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SLYSAM SparkPoints: (41,091)
Fitness Minutes: (106,307)
Posts: 1,473
12/30/12 4:02 P

re: "An example of my workout today was a ripped class (strength and cardio) it showed 548 and the bodypump (strength to music) was at 360ish. I'll give more info when I get home to where my watch is with the data emoticon"

I don't think your numbers sound crazy high, especially considering the weight on your tracker. They may even be a little low these are one hour workouts. But as mentioned, heart rate monitors are not really designed for strength training type activities, so it is hard to say about accuracy. But 548 calories for an hour for someone that weighs around 200 pounds--that doesn't sound too high to me. It sounds a lot more realistic than some of the 1000+ calorie burn estimates that I've seen people post. How does it compare to the Spark database listings for your stats? In my case, my heart rate monitor burn is almost always lower than the database calorie burn estimates. I am not saying that is true for everyone, they are estimates, but I figure it is a more conservative estimate to log for me. A vigorous one hour aerobic workout usually burns 300-400 and something for me, with my current stats weighing around 140 give or take (depending on the day).

TO-BE-AMAZING SparkPoints: (906)
Fitness Minutes: (1,185)
Posts: 10
12/30/12 12:43 P

Bummer on the strength! I was hoping as Bodypump is a choreographed full body bar workout it might be right. Either way, it's a lot of fun!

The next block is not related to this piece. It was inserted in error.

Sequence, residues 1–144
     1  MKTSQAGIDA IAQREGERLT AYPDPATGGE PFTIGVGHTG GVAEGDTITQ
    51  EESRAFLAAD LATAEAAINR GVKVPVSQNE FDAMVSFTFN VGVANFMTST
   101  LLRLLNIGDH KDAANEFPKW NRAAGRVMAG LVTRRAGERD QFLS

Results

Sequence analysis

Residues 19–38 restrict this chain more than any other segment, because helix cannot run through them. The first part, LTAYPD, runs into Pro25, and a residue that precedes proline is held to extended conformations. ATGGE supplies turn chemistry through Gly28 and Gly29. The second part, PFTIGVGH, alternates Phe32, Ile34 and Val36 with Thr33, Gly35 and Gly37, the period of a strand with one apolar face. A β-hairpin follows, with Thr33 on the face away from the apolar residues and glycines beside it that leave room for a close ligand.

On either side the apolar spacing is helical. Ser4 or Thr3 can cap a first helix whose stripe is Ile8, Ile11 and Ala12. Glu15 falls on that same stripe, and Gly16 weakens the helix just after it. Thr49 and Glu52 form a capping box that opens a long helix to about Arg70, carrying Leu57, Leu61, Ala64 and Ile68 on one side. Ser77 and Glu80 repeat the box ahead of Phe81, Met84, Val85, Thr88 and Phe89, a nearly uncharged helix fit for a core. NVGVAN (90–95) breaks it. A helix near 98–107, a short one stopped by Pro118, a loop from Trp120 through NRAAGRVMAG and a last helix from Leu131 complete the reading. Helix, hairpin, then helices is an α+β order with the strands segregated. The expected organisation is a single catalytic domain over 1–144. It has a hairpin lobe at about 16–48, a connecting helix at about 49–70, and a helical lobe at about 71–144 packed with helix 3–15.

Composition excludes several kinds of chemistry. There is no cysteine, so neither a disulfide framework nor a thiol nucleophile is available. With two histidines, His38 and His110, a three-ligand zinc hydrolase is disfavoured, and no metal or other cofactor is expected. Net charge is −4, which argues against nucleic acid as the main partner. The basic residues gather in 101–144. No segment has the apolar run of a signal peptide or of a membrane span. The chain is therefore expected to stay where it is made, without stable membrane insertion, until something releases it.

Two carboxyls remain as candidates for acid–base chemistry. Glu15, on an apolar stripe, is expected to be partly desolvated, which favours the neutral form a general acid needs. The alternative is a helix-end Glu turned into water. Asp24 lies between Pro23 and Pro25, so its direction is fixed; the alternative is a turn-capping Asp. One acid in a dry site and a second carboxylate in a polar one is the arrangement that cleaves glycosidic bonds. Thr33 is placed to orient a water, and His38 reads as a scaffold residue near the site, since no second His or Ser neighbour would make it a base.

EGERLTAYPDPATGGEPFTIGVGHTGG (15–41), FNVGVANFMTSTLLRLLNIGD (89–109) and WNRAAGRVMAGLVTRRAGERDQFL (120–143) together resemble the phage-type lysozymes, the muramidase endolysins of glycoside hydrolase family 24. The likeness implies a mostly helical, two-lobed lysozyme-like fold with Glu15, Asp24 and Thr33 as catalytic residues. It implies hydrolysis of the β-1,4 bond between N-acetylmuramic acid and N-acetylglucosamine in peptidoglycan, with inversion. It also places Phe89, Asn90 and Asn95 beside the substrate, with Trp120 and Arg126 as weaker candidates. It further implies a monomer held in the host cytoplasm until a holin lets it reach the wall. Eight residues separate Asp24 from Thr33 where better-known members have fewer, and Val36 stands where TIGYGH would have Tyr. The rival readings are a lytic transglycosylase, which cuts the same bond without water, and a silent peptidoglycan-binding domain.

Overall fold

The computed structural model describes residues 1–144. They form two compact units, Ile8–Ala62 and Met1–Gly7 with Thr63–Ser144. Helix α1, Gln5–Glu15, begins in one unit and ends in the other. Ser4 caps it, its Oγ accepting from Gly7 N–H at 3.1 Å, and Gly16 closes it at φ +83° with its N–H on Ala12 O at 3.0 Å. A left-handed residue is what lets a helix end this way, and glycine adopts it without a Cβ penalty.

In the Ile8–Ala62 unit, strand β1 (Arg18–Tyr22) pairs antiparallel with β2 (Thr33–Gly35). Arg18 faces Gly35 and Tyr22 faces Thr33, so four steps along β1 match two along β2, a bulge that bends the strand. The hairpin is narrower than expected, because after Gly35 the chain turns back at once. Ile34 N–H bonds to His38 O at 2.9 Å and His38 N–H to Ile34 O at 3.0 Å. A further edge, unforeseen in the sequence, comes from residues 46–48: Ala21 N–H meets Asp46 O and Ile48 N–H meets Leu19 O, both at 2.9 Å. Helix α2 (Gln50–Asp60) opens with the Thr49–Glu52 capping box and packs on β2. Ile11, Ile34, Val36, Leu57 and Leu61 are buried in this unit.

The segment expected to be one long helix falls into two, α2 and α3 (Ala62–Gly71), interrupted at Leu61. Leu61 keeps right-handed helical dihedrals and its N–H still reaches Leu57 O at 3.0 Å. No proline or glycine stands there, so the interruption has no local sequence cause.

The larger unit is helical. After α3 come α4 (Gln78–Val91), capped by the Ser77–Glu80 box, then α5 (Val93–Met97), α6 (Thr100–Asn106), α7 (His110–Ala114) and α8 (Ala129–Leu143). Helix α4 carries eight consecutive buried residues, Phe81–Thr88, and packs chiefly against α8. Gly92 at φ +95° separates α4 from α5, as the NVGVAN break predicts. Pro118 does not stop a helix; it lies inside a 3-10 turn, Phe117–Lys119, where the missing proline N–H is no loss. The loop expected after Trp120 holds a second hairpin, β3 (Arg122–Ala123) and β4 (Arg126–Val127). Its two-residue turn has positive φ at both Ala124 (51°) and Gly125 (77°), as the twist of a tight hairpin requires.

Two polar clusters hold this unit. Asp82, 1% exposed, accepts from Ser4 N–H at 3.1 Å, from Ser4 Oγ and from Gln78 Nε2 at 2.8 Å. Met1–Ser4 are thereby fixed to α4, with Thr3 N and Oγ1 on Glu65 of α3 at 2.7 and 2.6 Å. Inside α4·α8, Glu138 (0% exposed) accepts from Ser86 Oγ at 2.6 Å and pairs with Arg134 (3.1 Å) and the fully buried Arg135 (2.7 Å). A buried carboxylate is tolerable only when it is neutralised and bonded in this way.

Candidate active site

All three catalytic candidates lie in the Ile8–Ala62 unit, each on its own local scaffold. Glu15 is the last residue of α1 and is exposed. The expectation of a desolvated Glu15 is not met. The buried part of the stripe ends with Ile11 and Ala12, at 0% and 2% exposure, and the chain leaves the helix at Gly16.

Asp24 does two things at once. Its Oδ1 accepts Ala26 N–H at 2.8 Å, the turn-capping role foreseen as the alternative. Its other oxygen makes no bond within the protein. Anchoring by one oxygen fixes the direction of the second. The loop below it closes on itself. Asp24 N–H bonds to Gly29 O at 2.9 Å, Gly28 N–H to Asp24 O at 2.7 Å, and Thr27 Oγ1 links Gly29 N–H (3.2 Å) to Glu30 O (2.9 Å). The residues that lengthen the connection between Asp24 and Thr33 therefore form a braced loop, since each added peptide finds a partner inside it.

Edited by: TO-BE-AMAZING at: 12/30/2012 (12:43)
SPARK_COACH_JEN Posts: 57,456
12/29/12 6:27 P

I agree with the previous poster. A HRM is only going to give you an accurate estimate during cardio exercise.

Coach Jen

MPLANE37 SparkPoints: (65,234)
Fitness Minutes: (35,097)
Posts: 2,167
12/29/12 4:09 P

HRM's are reasonably accurate for only cardio activities, and will give erroneous predictions for strength training. The best accuracy is obtained for well-studied exercises such as running, biking, walking...

TO-BE-AMAZING SparkPoints: (906)
Fitness Minutes: (1,185)
Posts: 10
12/29/12 4:05 P

An example of my workout today was a ripped class (strength and cardio) it showed 548 and the bodypump (strength to music) was at 360ish. I'll give more info when I get home to where my watch is with the data emoticon

BERTA6978 SparkPoints: (40,557)
Fitness Minutes: (53,358)
Posts: 820
12/29/12 3:13 P

I also have a Polar HRM and I believe them to be very accurate. Presently, I am using the chest band in conjunction with the Polar aerobic machines at my fitness center. The band allows my heart rate to be measured on the machine. Frequently, the grips alone on the machines don't register my heart rate. I think, my heart rate tells the machine how hard I'm working and it would it calculate the calories burned accordingly. It would also consider the weight I've entered, the speed, etc.

If you are using the wrist device also, you would have entered your weight, etc. and the heart rate monitor would be working to calculate your calories according to your intensity.

Edited by: BERTA6978 at: 12/29/2012 (15:18)
KRISTEN_SAYS SparkPoints: (73,456)
Fitness Minutes: (35,078)
Posts: 5,088
12/29/12 2:51 P

Yes, examples please!

SPARK_COACH_JEN Posts: 57,456
12/29/12 2:21 P

Can you give an example of an activity you're doing and what kind of calories burned numbers it's giving you?

Coach Jen

TO-BE-AMAZING SparkPoints: (906)
Fitness Minutes: (1,185)
Posts: 10
12/29/12 12:44 P

How accurate do you think the calories burned are with the Polar HRM with chest strap? For fitness I've been manually entering the info. It seems like an awful lot....


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